Along with Donohue, the cast features Kate Hurster as Penelope; Christiana Clark as Athena; Armando Duran as Aeolus and Laertes; Briawna Jackson as Helen; Amy Newman as Muse and Calypso; Daniel T. Parker as Zeus and Cyclops; Armando McClain as Alcinous; Miriam A. Laube as Circe; Vinecia Coleman as Arete; Moses Villarama as Hermes; Benjamin Bonenfant as Telemachus; Richard Howard as Eumaeus; Danforth Comins as Poseidon and Antinous; and Howie Seago as Menelaus and Tierisias.
'Disney’s Beauty and the Beast'
Director Tucker is artistic director of Bedlam Theatre in New York, a company known for its small-cast re-imaginings of classic works by Jane Austen, George Bernard Shaw, Shakespeare and others. Similar to his productions at Bedlam, Tucker invites audiences for "Disney’s Beauty and the Beast" to partner with its performers in using their imaginations to complete the picture.
“There is great magic in simple storytelling,” Tucker says. “I feel that for adults, kids and people of all ages, there is a power in the kind of play which requires that we activate our imaginations, so that the story unfolds in a magical yet simple way.”
Scenic designer Christopher Acebo echoes that sentiment.
"The idea is that we are not only in a provincial town, not only in a castle, but we are in an abandoned theater," Acebo says. "And we know that anything can happen in an abandoned theater. All the props and furniture exist in this space, and through the action of the ensemble we will create Belle’s room, the castle, the bar scene in the tavern. All these objects will come to life.”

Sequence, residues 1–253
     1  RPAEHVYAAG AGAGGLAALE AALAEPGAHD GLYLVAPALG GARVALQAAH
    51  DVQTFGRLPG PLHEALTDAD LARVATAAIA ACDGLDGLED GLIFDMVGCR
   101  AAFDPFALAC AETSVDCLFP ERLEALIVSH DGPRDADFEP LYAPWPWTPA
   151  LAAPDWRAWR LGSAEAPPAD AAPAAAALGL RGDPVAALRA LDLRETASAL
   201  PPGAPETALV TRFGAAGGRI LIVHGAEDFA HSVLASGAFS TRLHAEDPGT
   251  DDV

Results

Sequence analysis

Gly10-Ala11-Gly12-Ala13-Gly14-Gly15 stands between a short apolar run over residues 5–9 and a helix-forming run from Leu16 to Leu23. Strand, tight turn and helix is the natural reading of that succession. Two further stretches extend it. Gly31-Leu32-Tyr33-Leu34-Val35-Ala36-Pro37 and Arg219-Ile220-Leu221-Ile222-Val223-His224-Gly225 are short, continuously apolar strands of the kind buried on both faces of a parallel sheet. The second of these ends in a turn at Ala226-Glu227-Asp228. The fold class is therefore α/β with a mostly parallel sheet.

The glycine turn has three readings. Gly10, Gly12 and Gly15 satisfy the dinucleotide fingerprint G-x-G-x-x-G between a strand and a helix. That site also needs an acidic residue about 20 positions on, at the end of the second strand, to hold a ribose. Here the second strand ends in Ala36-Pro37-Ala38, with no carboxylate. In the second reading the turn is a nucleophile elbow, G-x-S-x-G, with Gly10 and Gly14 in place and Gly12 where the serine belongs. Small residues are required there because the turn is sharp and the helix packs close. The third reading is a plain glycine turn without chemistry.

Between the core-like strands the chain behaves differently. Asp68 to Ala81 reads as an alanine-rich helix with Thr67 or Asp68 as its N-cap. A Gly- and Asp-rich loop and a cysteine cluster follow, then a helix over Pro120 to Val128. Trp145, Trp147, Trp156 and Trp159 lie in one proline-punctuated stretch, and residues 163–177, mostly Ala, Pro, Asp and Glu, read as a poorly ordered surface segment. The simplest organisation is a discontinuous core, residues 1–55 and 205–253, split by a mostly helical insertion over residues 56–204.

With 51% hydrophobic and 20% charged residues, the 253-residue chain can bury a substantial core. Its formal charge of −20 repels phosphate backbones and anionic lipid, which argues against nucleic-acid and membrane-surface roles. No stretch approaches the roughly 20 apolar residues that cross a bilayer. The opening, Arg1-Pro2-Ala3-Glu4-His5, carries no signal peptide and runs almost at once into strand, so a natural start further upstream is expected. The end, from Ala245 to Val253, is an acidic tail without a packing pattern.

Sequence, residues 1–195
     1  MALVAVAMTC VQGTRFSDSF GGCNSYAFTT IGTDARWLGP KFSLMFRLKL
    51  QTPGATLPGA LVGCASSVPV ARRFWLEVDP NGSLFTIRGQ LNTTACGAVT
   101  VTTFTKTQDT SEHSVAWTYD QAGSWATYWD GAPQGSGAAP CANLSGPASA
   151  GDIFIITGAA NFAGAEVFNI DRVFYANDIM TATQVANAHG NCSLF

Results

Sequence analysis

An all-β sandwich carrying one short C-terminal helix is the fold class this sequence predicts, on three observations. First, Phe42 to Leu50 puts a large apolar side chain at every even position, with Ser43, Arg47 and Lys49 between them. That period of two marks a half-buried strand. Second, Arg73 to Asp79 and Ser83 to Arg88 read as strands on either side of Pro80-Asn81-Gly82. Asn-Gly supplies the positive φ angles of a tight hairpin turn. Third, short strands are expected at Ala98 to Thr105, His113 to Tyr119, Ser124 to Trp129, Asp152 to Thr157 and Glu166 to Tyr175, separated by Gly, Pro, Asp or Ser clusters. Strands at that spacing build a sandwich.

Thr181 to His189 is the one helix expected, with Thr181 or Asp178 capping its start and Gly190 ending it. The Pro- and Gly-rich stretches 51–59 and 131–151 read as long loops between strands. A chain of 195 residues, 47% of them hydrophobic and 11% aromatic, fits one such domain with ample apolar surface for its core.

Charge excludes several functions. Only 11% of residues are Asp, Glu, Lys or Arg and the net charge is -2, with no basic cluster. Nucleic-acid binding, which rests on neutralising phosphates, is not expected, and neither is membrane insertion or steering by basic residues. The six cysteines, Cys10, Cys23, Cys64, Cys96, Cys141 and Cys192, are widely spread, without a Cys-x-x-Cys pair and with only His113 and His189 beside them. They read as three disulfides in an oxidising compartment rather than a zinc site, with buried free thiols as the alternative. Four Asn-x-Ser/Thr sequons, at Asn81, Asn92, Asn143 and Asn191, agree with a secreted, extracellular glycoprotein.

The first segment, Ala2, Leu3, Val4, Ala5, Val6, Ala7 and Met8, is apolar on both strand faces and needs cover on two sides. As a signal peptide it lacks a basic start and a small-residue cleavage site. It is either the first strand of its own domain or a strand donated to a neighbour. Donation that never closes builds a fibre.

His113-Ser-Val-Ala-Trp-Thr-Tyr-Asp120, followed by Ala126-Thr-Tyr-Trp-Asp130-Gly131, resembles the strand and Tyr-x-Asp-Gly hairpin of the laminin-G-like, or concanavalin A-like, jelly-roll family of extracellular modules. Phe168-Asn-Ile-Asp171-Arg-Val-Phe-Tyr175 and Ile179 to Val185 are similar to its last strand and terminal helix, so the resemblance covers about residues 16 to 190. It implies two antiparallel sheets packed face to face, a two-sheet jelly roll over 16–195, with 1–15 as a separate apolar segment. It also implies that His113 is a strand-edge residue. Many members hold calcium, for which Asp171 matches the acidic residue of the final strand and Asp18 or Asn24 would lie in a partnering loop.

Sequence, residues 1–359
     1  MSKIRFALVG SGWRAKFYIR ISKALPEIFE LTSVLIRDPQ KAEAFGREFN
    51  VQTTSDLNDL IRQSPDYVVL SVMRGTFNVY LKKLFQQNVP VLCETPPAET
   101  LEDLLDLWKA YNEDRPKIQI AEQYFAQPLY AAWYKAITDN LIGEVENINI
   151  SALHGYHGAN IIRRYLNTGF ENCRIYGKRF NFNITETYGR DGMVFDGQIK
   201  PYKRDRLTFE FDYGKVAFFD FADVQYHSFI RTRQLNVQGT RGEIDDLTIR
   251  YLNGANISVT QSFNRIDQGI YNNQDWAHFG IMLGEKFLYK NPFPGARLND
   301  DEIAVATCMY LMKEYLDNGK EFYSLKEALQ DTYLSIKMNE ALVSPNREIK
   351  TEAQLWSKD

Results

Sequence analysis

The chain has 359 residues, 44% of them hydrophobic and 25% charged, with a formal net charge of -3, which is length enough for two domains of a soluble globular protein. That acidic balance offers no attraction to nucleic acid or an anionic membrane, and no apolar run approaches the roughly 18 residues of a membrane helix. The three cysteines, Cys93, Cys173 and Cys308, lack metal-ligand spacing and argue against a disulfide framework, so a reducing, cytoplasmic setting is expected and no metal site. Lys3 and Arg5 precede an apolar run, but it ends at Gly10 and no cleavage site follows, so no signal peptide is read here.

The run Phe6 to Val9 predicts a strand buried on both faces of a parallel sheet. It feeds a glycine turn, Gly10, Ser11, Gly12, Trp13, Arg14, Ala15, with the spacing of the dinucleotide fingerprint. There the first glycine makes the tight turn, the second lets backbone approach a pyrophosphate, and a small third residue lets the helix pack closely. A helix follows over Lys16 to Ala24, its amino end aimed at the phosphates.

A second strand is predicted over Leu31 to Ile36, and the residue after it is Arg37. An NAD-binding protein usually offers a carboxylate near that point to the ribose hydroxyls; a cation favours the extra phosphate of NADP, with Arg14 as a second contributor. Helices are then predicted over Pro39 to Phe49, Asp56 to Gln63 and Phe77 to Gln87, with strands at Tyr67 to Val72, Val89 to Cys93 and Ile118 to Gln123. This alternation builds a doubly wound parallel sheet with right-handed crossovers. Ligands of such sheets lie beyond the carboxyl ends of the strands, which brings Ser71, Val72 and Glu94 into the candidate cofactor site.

Jennie Greenberry stars as Belle; Jordan Barbour as the Beast; Sara Bruner as LeFou; James Ryen as Gaston; Michael J. Hume as Maurice; Daniel T. Parker as Cogsworth; David Kelly as Lumiére; Kate Mulligan as Mrs. Potts; Robin Goodrin Nordli as Babette; and Britney Simpson as Mme. De la Grande Bouche. The cast also plays townspeople, tavern patrons, enchanted objects and wolves.
Music direction and arrangements are by J. Oconer Navarro, with choreography by Erika Chong Shuch. Costumes are by Ana Kuzmanic; lighting by Schriever; sound design by Joanna Lynne Staub; dramaturgy by Julie Felise Dubiner; voice and text direction by David Carey and Rebecca Clark Carey; and fight direction by Toppo.
Musicians on the production are pianist and conductor Matt Goodrich; Kent Wilson Jr. on synthesizer; percussionist Reed Bentley; violinist Kimberly Fitch; cellist Nancy Martin; trumpet player Daniel Kocurek; trombone player Mark Eliot Jacobs; and Rhett Bender on woodwinds.
The three Allen Elizabethan Theatre plays join six productions already running in the Angus Bowmer and Thomas theaters: "Julius Caesar," "Shakespeare in Love," "Mojada: A Medea in Los Angeles," "UniSon," "Henry IV, Part One" and "Hannah and the Dread Gazebo."
Still to come in OSF's 2017 season are one more play by Shakespeare, and a world premiere adaptation that uses a Shakespeare play as its source material.
"Henry IV, Part Two," directed by Carl Cofield and featuring much of the same cast as the concurrently running "Henry IV, Part One," begins previews July 4 in the intimate Thomas Theatre. "Henry IV, Part Two" officially opens July 8 and runs through Oct. 29.
"Off the Rails," a premiere by Randy Reinholz, is the first play by a Native American playwright in OSF’s 83-year history. This irreverent, subversive adaptation of Shakespeare’s "Measure for Measure" uses healthy doses of humor and music to illuminate the painful legacy of Indian boarding schools in the American West. Directed by Bill Rauch and playing in the Angus Bowmer Theatre, "Off the Rails" begins previews July 27, opens July 30 and runs through Oct. 28.